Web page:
Corporate tax to be raised to 25 percent this year
Hacer Boyacıoğlu - ANKARA
A group of parliamentarians from the ruling Justice and Development Party (AKP) submitted a draft law to the parliament on April 2 that proposes raising the corporate tax in Turkey from current 20 percent to 25 percent this year and then to 23 percent next year.
A parliamentary commission is expected to conduct a debate on the draft bill this week and swiftly submit it to the general assembly.
It also envisages support for restaurant and cafe employees in April and May following the imposition of new restrictions aimed at curbing the spread of the coronavirus.
According to the draft bill, insurance premiums of those workers, which are normally paid by employees and employers, will be paid by the Unemployment Insurance Fund for two months.
Hospitality sector employees will be paid a monthly allowance of 1,500 Turkish Liras ($184) - slightly more than half of the minimum wage - if they are forced to take unpaid leave.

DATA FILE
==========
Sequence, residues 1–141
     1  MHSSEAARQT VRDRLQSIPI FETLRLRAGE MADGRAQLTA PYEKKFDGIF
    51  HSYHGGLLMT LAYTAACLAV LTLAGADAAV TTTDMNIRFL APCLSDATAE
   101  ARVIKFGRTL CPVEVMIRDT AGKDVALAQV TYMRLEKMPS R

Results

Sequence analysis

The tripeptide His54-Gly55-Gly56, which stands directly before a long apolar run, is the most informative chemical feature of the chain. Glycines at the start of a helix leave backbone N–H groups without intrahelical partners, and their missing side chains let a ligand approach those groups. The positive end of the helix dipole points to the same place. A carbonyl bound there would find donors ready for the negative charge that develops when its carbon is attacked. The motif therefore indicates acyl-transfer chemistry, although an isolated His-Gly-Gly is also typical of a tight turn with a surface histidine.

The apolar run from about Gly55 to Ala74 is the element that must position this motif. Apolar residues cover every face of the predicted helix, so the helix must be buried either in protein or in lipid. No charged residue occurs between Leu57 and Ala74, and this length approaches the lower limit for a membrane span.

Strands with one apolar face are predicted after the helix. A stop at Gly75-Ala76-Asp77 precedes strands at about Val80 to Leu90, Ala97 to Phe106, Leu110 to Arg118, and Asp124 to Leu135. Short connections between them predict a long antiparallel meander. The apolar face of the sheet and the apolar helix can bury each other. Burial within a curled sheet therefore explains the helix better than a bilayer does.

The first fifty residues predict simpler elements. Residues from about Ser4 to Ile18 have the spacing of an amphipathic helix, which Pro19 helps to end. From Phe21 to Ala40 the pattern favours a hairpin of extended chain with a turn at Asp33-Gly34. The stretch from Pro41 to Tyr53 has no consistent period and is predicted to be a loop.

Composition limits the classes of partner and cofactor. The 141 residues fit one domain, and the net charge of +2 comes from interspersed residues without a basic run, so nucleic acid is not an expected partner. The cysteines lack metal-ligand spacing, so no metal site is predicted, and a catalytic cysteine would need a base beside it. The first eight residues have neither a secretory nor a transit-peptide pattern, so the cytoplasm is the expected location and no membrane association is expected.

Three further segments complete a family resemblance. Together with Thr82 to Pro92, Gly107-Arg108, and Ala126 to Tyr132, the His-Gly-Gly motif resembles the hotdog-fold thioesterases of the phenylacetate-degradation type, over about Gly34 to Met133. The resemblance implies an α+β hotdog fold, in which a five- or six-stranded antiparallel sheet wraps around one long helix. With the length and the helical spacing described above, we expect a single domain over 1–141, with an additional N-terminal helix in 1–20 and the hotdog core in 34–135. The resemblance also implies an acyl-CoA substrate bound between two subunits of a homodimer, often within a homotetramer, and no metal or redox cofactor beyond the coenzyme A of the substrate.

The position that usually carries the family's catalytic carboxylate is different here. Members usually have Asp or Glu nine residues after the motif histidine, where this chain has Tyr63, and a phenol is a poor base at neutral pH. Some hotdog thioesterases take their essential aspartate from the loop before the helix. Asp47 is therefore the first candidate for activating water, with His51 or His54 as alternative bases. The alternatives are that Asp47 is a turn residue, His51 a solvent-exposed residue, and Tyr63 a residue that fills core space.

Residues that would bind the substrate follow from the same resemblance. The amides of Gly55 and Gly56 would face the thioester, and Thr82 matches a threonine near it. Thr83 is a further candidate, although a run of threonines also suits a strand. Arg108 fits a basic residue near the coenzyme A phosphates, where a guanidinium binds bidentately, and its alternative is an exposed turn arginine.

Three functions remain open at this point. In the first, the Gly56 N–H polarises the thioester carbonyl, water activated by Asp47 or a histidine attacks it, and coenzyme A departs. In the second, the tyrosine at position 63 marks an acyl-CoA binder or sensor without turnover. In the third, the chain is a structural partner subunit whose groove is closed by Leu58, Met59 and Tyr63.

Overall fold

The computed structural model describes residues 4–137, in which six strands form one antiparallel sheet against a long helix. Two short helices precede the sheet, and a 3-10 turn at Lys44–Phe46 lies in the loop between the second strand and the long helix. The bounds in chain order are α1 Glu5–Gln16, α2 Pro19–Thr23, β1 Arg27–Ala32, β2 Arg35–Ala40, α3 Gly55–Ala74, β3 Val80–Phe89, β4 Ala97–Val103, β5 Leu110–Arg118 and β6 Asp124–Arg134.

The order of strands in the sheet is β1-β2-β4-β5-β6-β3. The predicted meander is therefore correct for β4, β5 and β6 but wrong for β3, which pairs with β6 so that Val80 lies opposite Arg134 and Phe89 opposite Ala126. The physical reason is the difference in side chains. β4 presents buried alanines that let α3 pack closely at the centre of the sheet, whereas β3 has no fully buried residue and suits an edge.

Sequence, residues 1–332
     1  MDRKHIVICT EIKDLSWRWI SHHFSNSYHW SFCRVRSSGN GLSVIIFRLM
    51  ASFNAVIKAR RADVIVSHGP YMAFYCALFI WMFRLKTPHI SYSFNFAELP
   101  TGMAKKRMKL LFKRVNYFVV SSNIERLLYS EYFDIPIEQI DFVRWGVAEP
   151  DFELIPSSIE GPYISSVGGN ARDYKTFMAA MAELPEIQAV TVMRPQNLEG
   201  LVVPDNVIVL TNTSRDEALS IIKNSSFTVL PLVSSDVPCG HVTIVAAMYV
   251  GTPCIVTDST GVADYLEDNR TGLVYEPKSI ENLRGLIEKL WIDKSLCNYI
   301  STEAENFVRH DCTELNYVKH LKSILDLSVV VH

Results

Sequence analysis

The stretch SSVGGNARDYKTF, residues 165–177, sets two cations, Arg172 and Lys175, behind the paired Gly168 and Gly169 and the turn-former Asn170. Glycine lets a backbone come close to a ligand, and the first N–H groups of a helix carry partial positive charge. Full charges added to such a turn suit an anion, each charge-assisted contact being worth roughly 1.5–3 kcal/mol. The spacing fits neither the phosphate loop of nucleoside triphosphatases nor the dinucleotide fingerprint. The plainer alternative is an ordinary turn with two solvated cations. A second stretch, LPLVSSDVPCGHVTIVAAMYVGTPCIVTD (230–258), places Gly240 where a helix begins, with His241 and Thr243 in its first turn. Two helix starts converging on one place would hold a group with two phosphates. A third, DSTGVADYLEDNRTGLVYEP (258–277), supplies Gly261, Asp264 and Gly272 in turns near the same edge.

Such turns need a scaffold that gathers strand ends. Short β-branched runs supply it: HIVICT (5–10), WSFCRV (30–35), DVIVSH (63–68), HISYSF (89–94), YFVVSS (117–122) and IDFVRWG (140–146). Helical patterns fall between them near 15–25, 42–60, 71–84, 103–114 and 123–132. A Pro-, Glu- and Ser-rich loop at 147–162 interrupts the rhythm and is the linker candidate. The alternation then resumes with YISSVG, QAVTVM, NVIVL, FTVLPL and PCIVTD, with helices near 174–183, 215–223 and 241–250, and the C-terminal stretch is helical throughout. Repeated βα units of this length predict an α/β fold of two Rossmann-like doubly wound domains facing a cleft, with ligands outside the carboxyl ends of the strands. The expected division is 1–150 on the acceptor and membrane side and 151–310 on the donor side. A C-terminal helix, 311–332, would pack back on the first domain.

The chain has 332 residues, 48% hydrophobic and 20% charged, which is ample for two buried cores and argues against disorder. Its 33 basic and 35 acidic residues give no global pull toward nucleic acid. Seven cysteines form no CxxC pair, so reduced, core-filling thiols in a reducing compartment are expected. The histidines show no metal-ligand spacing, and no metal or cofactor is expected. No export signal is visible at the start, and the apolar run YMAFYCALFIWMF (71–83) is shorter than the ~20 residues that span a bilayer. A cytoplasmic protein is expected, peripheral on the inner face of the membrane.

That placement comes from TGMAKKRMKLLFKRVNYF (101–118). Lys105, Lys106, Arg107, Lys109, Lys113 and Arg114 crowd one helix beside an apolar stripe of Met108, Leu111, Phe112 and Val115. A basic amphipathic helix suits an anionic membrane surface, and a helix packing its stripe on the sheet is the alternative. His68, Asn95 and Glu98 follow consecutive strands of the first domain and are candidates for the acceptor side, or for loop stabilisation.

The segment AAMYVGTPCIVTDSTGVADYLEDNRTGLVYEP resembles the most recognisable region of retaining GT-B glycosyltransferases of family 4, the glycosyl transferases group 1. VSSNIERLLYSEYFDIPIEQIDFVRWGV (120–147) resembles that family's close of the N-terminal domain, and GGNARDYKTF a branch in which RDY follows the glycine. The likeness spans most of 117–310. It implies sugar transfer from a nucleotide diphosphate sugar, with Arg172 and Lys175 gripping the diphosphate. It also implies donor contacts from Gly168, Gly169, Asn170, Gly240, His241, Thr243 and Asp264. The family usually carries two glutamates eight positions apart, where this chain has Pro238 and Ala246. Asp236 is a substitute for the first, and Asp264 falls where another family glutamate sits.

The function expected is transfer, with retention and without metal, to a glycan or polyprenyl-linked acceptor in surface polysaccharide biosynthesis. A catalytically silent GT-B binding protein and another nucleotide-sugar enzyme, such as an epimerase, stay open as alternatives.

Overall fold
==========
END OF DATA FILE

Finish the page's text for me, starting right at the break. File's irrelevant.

Meanwhile, Treasury and Finance Minister Lütfi Elvan has told ambassadors of the European Union countries in Ankara that Turkey is committed to implementing economic reforms.
At a meeting held via video link on April 2, Elvan briefed representatives of EU member states about the economic reforms announced by President Recep Tayyip Erdoğan on March 12.
He also enlightened them on the macroeconomic and structural policies that constitute the main body of economic reforms.
“After President Erdoğan announced the economic reforms, we received requests for meetings from both investors and representatives of foreign missions on the content of the reforms,” he said.
Additionally, Turkey’s policies in the areas of the fiscal discipline of public finance, fighting inflation, strengthening the financial sector, reducing the current account deficit, and encouraging employment were discussed, according to Elvan.
It was emphasized that macroeconomic stability is Turkey’s main priority, he noted.
Elvan said the meetings on Turkey’s economic reforms will continue in the coming days.